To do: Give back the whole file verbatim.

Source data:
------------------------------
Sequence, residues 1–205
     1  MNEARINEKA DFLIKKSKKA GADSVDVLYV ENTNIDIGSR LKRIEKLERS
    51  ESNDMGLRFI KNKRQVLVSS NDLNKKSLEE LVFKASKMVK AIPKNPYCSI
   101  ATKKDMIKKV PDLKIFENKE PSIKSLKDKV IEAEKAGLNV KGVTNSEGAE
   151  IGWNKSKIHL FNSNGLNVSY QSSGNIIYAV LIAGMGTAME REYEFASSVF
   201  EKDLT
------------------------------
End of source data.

Sequence, residues 1–205
     1  MNEARINEKA DFLIKKSKKA GADSVDVLYV ENTNIDIGSR LKRIEKLERS
    51  ESNDMGLRFI KNKRQVLVSS NDLNKKSLEE LVFKASKMVK AIPKNPYCSI
   101  ATKKDMIKKV PDLKIFENKE PSIKSLKDKV IEAEKAGLNV KGVTNSEGAE
   151  IGWNKSKIHL FNSNGLNVSY QSSGNIIYAV LIAGMGTAME REYEFASSVF
   201  EKDLT